In the short story The First Seven Years, where is Max going as he trudges through the snowdrifts past Feld's shop? About what does Feld speak privately to Max?
In the story, Max is on his way to class as he trudges through the snowdrifts past Feld's shop. Feld admires Max greatly because of Max's commitment to his college education. As the father of a grown daughter, Feld has often lamented his daughter's reluctance to attend college.
So, when Max appears in Feld's shop to inquire about repairing his old shoes, Feld seizes the opportunity to bring a cherished plan to action. He reasons to himself that his daughter, Miriam, might as well marry an educated man even if she will not go to college herself. He thinks that such a marriage would mean a better life for Miriam than the one she currently has. So, after discussing the business of Max's old shoes, Feld ushers Max into the hall for a private word. As Feld's assistant, Sobel, pounds away, Feld broaches the subject of Max dating Miriam. Max is initially surprised at the older man's request but soon asks to see a picture of Miriam. Upon seeing her picture, he pronounces that Miriam looks 'all right,' not exactly a very enthusiastic response.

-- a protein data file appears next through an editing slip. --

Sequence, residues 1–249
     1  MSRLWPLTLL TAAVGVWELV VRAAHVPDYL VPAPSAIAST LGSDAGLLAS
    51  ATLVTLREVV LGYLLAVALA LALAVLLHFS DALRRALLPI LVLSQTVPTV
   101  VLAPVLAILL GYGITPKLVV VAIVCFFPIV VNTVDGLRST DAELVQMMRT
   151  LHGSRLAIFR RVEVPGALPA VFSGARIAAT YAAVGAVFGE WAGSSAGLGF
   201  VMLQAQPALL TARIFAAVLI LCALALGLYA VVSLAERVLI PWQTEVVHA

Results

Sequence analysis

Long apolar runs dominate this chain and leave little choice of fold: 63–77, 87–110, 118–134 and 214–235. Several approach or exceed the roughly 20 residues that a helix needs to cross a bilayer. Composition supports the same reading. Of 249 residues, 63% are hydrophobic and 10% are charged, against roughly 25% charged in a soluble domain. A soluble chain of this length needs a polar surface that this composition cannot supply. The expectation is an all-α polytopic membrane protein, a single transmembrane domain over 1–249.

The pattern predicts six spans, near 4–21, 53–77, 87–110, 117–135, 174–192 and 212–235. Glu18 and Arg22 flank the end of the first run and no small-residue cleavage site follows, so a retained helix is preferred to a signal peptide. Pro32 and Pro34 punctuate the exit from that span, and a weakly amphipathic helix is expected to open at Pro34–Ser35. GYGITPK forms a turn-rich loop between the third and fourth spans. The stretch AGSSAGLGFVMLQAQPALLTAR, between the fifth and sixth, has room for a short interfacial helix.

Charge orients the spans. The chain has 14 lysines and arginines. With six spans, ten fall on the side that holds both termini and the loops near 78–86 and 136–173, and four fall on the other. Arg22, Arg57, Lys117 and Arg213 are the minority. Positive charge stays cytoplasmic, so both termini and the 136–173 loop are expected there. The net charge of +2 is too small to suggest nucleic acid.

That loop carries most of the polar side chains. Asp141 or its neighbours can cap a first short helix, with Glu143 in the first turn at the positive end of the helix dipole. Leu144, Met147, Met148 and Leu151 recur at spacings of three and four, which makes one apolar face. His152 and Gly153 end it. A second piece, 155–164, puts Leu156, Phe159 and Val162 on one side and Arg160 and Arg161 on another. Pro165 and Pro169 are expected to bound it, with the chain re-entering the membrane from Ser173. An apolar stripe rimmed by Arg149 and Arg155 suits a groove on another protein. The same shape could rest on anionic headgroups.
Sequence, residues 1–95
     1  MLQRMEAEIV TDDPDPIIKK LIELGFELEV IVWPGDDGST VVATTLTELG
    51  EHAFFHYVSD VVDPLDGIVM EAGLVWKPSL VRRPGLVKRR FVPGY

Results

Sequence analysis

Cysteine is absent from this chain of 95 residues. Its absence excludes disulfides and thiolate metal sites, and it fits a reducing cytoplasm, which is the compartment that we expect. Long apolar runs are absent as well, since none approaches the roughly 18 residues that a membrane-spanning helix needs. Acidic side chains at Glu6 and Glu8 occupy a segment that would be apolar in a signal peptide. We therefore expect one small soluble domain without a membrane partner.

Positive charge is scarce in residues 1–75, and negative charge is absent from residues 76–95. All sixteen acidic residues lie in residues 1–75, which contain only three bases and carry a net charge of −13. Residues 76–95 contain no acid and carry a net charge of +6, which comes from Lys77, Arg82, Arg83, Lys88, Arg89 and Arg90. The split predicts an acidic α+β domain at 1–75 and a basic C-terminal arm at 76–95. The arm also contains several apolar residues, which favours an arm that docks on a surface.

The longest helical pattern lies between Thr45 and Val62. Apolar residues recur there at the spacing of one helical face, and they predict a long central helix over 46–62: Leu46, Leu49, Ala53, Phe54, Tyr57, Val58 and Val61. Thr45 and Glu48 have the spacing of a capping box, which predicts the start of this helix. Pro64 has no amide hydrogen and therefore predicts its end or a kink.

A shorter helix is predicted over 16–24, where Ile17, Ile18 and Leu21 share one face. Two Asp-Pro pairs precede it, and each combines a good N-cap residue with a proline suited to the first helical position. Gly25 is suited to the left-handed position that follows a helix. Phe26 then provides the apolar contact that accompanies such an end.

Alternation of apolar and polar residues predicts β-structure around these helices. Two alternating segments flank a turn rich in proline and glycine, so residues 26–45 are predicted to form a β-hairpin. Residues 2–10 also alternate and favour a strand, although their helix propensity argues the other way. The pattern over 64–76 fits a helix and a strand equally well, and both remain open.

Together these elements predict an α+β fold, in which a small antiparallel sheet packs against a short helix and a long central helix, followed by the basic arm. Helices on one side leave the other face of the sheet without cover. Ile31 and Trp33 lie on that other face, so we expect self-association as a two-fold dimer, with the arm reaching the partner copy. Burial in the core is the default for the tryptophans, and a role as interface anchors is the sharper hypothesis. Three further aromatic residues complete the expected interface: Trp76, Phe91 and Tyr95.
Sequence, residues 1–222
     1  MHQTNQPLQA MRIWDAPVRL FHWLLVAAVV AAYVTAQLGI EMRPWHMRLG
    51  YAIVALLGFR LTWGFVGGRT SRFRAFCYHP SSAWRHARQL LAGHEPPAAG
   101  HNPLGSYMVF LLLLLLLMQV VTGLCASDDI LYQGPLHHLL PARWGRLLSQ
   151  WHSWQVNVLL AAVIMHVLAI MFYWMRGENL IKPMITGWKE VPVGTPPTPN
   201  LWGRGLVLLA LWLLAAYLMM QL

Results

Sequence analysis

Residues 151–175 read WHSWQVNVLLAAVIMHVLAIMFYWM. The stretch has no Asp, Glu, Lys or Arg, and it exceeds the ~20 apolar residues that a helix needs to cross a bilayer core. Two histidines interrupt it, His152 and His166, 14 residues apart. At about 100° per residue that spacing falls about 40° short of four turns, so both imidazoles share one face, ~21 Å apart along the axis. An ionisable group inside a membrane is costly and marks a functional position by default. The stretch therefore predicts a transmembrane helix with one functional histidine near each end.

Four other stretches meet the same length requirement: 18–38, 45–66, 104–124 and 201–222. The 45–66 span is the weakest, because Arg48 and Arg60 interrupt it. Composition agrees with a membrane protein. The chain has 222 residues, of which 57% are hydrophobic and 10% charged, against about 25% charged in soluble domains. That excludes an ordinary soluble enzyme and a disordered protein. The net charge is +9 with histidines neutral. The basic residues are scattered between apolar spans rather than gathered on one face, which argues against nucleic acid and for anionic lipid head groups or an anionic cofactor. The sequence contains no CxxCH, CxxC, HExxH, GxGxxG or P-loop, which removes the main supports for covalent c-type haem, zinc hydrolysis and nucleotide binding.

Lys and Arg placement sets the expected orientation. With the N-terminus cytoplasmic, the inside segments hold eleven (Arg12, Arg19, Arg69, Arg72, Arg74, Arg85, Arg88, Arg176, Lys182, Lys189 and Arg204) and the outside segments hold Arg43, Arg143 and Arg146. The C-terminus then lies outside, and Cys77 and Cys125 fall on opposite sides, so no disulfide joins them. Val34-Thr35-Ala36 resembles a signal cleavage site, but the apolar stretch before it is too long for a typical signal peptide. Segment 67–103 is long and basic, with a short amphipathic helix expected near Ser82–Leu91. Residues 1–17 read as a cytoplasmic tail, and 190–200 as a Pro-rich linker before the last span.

However, Feld is ecstatic that Max has consented to meet Miriam; he gives Max their telephone number and advises Max to call when Miriam gets home from work at six o'clock. Elated at his success, Feld even charges Max a dollar fifty for a job which usually costs two dollars and twenty-five cents. However, as the story continues, we soon see that Feld does not bargain for his young assistant's real feelings towards his daughter.